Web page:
Upskilling a Junior Team

Christophe Blefari

Data Coach at Self Employed



More than once during my career, I was in a situation to inherit a team of juniors. In all honesty, the situation wouldn’t be much different with a more senior setup if they were not investing in brushing up their skills. Understanding how to upskill a junior team and further develop their competencies was the key challenge I faced as their manager.

Actions taken

First and foremost, I would assess the existing skills of every individual on the team. I would also use the occasion to ask them about their needs, and based on their response, tailor my approach. Some people would need more micromanagement and hand-holding; others would prefer more autonomy and opportunity to deal with problems they would encounter single-handedly.

Then, I would start defining the skills we would need as a team. For example, I once joined a team of four data engineers. They were exceptionally good at doing batch pipelines, but they needed to work with real-time pipelines since box pipelines were not scaling anymore. No one in that team didn’t know how to deal with those, so I had to help them discover the real-time domain.

Another example that I encountered was to inherit a team that was with a company for three years. Over that period, they were working with the same tools. The thing with data engineering is that tools are evolving fast, and those that were good three years ago are not of much worth now. The team would need to migrate to some more recent tools, and frequently engineers either wouldn’t know about these new tools and how to use them or wouldn’t want to use them.

As a manager, I would have to create a detailed upskilling roadmap. The roadmap should include milestones such as, within the three months, everyone on the team needs to learn A, B, and C. For example, in the case of a team I mentioned above, everyone needed to learn how to migrate from batch to real-time pipeline within three months. Following that, I would create a learning path for my engineers. I would use various resources, including MOOC courses, articles, videos, blog posts, etc. Also, in the pre-Covid times, I was keen on sending people to meetups and conferences and had them become more engaged with the community.

Also, you need to create a rendezvous, or a meeting time, to distribute knowledge across the team. My favorite learning format is kata sessions, where the team comes together for half a day to learn about a topic of their liking. For example, I can run a kata for real-time pipelines, structured as a series of lessons: Kafka setup, Kafka cookie data, etc. I would have them practice it on a simple pipeline, copying one topic inside one table and demonstrating how things work on a super simple concept. If everyone understands the concept, I will move on, but if not, I will do the same kata next week. I would keep repeating the same kata until everyone in the team is comfortable working or familiar enough with a specific concept. Kata as a format originates from martial arts and encourages a sense of camaraderie -- we all chat, learn, help each other through focused repetition.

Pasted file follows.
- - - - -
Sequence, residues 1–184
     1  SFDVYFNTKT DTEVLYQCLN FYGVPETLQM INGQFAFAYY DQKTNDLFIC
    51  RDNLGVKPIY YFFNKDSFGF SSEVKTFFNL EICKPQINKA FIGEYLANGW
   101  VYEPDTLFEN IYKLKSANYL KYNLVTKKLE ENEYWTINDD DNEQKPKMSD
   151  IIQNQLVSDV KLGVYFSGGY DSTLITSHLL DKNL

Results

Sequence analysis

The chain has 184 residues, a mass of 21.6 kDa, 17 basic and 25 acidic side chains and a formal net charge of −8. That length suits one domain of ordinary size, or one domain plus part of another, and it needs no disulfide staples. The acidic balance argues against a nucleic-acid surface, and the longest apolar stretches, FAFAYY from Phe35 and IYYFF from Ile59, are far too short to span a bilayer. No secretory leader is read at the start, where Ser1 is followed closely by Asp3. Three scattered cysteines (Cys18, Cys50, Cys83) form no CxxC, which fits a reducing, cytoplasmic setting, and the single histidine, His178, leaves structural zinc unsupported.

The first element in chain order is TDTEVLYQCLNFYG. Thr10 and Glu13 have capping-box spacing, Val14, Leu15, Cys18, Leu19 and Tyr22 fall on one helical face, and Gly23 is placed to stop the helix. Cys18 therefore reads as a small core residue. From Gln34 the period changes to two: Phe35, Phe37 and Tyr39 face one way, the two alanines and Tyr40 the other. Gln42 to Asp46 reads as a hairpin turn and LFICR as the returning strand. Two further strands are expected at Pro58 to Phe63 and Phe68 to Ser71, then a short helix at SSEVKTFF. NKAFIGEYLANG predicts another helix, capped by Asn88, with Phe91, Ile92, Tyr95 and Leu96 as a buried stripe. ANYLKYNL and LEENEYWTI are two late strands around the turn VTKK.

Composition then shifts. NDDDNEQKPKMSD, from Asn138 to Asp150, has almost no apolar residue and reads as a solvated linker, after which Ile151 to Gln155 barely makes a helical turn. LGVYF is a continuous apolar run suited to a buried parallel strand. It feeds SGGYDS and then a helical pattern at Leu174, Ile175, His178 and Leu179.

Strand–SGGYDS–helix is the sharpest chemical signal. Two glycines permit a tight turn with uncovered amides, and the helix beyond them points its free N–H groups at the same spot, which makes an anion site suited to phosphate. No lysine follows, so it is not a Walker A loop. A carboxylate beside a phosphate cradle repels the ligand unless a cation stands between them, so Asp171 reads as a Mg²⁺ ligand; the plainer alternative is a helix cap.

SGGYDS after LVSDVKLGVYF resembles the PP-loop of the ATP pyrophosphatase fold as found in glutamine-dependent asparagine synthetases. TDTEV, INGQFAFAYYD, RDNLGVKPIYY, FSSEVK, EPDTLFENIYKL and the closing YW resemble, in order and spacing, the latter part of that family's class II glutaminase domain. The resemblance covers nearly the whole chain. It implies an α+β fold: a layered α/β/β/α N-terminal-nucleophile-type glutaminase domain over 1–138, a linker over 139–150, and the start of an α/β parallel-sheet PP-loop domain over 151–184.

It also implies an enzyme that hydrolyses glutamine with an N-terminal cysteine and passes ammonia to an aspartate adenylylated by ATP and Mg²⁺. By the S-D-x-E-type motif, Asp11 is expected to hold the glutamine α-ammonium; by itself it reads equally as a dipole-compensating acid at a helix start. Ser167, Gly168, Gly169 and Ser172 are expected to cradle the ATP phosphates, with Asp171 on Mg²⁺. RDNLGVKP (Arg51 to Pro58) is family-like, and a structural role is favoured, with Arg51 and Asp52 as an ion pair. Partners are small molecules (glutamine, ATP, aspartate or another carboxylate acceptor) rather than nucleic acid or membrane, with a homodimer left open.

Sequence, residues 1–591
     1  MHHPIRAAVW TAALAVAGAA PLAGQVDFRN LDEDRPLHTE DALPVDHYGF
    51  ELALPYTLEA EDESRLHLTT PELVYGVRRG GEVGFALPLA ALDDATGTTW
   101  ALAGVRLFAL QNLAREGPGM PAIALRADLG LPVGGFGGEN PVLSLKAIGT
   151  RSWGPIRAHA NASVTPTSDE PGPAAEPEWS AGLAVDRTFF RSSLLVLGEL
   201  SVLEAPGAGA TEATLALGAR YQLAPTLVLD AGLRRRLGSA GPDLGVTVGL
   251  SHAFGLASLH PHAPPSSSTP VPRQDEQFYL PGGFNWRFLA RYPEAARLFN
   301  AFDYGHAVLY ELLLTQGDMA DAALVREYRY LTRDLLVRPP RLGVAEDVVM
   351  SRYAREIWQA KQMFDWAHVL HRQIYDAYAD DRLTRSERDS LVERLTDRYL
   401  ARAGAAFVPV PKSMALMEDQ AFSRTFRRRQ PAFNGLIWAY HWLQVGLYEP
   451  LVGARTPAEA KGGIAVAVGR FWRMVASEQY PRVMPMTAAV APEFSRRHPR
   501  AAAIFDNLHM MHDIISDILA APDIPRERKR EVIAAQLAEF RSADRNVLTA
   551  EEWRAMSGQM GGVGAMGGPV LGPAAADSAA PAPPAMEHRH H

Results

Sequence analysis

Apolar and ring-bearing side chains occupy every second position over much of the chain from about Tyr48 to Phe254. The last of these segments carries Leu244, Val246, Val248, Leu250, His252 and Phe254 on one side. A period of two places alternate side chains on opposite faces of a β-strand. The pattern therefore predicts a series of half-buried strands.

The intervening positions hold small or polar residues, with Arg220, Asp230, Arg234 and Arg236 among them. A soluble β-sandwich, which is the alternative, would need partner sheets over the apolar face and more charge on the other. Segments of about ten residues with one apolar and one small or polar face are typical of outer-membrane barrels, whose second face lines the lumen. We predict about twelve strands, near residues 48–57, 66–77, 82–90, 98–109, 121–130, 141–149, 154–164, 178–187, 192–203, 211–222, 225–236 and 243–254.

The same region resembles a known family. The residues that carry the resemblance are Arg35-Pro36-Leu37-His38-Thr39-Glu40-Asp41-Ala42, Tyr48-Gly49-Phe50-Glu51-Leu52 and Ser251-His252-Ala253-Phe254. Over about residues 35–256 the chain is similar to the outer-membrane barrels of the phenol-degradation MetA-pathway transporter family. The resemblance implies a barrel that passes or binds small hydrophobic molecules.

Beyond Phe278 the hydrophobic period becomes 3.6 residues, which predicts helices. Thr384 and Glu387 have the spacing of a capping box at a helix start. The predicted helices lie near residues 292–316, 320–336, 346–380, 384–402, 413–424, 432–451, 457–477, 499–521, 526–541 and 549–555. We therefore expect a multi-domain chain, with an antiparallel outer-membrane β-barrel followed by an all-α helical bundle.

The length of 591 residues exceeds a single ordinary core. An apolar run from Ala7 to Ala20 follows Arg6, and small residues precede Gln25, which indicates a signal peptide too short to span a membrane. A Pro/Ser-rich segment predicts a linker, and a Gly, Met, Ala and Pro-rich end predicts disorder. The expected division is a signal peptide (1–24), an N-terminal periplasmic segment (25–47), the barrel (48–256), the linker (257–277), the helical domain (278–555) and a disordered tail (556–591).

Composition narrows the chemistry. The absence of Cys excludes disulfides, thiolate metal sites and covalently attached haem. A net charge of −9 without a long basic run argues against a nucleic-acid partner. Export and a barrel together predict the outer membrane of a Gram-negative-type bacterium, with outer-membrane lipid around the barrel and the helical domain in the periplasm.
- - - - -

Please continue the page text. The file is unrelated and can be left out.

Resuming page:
In the end, I should also mention that hiring someone full-time with the skills needed is always an option. But finding a person with competencies the team needs may take months in our highly competitive industry. On the other hand, a freelancer would be available at all times, but there is a risk that their skills would not be embedded within the team.

Lessons learned

  • For upskilling to take place, you need to create an environment where learning and growing will be celebrated. The best approach is to have allies on the team who are proactive and who can influence other team members.
  • It’s never easy to motivate people to acquire new skills, especially if they got stuck in the old ways. If people are not curious, that should be the first quality to be instilled in people. Show them your curiosity and motivation, and have the team be inspired by it. If you can’t inspire the team, you can’t expect them to follow you.
  • You need to be there for your team. You need to show the team that you are supportive, and if they need help, they can reach out. You can do it through weekly one-on-ones or daily standups. Regardless of the format or the channel of communication, be there to help them in their upskilling efforts.

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Christophe Blefari

Data Coach at Self Employed

Leadership DevelopmentCommunicationOrganizational StrategySkill DevelopmentTraining & MentorshipTeam & Project Management

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